Someone asked me if I watched only action/adventure/sci-fi/fantasy genres. No. I watch every genre if I think they are promising from the trailers or word-of-mouth referral. All except chick flicks. As you can tell by my choices of films I've watched/reviewed since starting this blog, it's...not very often.
So why don't I watch chick flicks? The short answer is that I am a guy. The long answer? Well, we have to first look at what we define what is a chick flick.
The few times I have told people that I sort of liked a 'chick flick', it turns out they were actually Romance Comedies, or Romedies as goes the urban slang, and as corrected by some female friends of mine.
Wikipedia defines chick flicks as films "mainly dealing with love and romance designed to appeal to the female audience...typically young women". The common themes or issues these films tend to deal with include loneliness, peer acceptance, unrequited love, betrayal, vanity and the ambitious ones might also deal with coming-of-age issues, again from the female's perspective. Sounds legit.
However, there is an ongoing debate regarding whether chick flicks are a genre in itself, or simply a collection of films that fare better with girls than guys regardless of which genre they are really a part of. For example, Titanic is technically Historical Fiction with strong romance/drama elements, but girls liked it far more than guys, who liked it as well but to the point of re-watching it on DVD a dozen times and managing to empty a tissue box every time, so some people often declare it a classic chick flick.
In fact, I would argue that chick flicks could emerge from almost any genre, even action films. White Chicks is by far the best example of this, as it is a buddy cop film that is more often referred to as a chick flick. If you've never seen this film, and told you that the plot of this film was about two cops who go undercover disguising themselves to infiltrate a business magnate's organization, you probably wouldn't have imagined African American guys disguised as a white chicks singing Vanessa Carlton's "A thousand miles" in a convertible with their girlfriends, of which one was oddly enough played by Debra Morgan.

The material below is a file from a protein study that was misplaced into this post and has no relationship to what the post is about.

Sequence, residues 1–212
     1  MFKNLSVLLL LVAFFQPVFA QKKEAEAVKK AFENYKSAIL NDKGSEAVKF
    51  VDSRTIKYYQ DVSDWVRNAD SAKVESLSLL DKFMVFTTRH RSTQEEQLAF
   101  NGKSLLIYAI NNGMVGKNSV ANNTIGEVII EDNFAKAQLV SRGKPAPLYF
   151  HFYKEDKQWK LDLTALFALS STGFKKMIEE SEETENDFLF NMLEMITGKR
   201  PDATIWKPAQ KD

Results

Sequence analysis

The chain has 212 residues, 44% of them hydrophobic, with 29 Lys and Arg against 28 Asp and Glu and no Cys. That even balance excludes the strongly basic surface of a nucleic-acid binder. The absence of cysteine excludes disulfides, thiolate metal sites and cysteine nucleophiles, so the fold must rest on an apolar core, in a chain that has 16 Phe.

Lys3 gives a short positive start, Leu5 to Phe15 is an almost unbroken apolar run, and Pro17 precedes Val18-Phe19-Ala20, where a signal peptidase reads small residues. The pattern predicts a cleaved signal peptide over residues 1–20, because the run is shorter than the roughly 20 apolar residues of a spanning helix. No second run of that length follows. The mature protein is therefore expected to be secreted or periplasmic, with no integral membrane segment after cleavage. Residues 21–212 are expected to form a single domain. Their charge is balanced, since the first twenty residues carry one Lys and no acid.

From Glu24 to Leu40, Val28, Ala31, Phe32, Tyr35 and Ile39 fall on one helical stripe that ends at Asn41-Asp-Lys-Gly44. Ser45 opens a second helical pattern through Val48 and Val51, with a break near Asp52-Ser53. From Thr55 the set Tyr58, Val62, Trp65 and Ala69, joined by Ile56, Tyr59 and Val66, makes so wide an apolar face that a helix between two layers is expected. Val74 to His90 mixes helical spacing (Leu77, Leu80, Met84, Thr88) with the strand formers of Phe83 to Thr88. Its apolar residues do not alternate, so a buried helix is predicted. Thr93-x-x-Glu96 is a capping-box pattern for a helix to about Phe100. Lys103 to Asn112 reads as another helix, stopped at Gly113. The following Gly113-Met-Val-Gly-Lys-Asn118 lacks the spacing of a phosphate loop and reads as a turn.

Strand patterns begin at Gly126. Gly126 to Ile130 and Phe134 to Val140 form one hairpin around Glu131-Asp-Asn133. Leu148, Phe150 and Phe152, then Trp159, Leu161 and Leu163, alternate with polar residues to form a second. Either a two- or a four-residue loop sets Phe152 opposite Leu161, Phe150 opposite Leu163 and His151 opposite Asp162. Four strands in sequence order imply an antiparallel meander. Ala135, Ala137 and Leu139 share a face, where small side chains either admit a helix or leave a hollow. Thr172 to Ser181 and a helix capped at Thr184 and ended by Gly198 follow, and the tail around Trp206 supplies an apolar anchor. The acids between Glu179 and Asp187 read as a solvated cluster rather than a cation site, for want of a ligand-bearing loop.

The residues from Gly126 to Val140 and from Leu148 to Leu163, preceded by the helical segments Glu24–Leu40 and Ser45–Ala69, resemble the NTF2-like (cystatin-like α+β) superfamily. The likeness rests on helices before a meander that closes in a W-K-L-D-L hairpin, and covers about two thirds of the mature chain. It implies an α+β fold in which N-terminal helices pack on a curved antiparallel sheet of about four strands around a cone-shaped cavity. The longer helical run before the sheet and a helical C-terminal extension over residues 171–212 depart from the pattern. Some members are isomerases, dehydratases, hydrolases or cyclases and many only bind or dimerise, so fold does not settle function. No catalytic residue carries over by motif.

As such, I think chick flicks are not a genre in itself, but rather an emergent trait which is recognized only by a film's overall appeal to the viewer. In other words, a film that may be considered a chick flick to one girl may not be for another, just as one person may consider a film good when another considers it god awful.
I think I'm sidetracking and getting too bogged down with semantics; I'm here to explain why I don't watch chick flicks in general, not trying to submit a dictionary entry.
Let me list some films I have viewed in my adolescence that I consider a chick flick, whether coerced by my sister or by female friends who says it's their turn to pick the movie for an evening hangout (feel free to correct me if you think any of these films aren't chick flicks):
Until very recently, movies and television shows tended to enforce the idea that guys need to be 'projects' to be attractive to girls. Chick flicks are often the biggest offender in this respect. What I mean is that the guy female protagonists tend to fall in love with are either the school bully with a heart of gold, or a quiet new student who has a tragic backstory or is misunderstood due to his demeanor, or is like 15 years older and thus is a form of forbidden love. Because of the female protagonist's fixation on the 'project' guy they generally ignore or are unable to reciprocate the feelings of another person in their life who is a better friend/boyfriend/future husband and loves them more unconditionally.
So what is wrong with falling in love and being with a guy who is smart, average looking, a decent person with no significant personality flaws or secret history? Nothing! However in many of chick flicks the girl generally chooses the guy who is the cause of most of the film's drama, thus promoting the idea that if guys want to be the one the girl chooses in the end, they can't be normal. Perhaps the idea is that the girl isn't normal either but then again she is often sold as the role model for impressionable young girls to behave and think like.